You want your American Express card to turn black:
In 1999 American Express announced the introduction of its Centurion™ card. Available only by invitation to selected Platinum card members, this black credit card promises to simplify the lives of the harried rich. In exchange for its hefty annual fee (initially $1,000 US, but now $2,500), cardholders receive automatic upgrades on fifteen of the world’s leading airlines. They also receive assistance in securing hard-to-come-by tickets for popular events, reservations at trendy restaurants, and shopping for Christmas gifts. Someone from the service will even call to remind cardholders of upcoming anniversaries. It is akin to having a personal concierge always on call.
“There had been rumors going around that we had this ultra-exclusive black card for elite customers,” says Doug Smith, director of American Express Europe. “It wasn’t true, but we decided to capitalize on the idea anyway.”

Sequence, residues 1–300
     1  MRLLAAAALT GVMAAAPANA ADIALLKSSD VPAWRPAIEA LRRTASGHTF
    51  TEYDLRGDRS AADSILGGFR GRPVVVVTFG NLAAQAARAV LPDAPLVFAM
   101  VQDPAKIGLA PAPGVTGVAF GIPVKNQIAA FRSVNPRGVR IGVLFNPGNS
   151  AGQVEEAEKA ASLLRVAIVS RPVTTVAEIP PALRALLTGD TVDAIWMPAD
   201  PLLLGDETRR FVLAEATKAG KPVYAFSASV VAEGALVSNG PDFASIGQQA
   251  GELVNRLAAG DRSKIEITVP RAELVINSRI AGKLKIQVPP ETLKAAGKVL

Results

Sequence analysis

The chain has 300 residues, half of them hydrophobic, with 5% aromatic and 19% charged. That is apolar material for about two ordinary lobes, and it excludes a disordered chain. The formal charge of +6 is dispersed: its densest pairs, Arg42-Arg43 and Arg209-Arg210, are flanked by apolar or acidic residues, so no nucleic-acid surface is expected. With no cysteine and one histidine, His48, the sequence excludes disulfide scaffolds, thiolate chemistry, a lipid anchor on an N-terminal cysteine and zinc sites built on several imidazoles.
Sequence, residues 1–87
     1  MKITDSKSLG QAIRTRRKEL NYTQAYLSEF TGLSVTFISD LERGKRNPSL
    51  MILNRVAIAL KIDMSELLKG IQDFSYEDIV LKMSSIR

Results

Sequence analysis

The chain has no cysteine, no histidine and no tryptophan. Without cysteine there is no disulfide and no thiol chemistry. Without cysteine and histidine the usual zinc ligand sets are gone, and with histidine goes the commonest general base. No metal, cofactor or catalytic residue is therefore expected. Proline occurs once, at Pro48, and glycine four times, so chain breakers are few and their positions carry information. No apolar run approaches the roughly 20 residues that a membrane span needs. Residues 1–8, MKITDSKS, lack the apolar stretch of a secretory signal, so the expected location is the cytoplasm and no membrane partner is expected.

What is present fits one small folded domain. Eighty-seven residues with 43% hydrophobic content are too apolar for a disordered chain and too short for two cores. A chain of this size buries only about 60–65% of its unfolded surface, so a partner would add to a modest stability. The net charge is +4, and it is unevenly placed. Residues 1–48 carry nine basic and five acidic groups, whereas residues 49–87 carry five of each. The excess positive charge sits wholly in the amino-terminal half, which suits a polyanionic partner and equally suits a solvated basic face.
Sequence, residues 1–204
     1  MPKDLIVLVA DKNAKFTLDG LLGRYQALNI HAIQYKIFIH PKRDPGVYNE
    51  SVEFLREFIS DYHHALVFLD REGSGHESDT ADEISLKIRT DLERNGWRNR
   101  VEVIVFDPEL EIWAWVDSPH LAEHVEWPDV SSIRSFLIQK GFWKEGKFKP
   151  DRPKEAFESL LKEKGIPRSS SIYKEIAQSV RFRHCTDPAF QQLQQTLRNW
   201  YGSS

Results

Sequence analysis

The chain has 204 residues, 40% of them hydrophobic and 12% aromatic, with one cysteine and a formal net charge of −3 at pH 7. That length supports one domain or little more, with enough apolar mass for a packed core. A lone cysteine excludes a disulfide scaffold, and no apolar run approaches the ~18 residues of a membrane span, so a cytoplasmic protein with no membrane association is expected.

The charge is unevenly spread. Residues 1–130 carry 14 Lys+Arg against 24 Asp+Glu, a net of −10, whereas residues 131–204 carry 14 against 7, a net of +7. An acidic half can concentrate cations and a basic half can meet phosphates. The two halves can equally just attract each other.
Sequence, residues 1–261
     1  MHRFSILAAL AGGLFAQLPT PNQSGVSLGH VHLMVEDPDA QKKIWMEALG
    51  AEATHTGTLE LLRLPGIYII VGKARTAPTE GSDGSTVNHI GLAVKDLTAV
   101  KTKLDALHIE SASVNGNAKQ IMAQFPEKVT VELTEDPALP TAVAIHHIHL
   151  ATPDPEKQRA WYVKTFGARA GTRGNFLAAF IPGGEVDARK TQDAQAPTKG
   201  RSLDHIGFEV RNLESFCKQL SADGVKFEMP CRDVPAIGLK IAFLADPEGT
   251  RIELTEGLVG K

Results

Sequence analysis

Daily Finance notes that the Black Card is not a credit card, but a charge card, like the original Amex, and must be paid off in full every month:
That may be one of the secrets to the success of the world’s wealthiest: They pay off their plastic in full every month. In other words, they live within their means, which is a great approach to managing your finances, whether “your means” enable you to buy a Bentley, or just pay the $10 admission fee to see one at a car show.
I mention this because of a throwaway line in Motor Trend’s New Car Guide (9/12):
Cool Fact: 6 percent of AMEX Black Card holders own a Hyundai.
And not this one, either.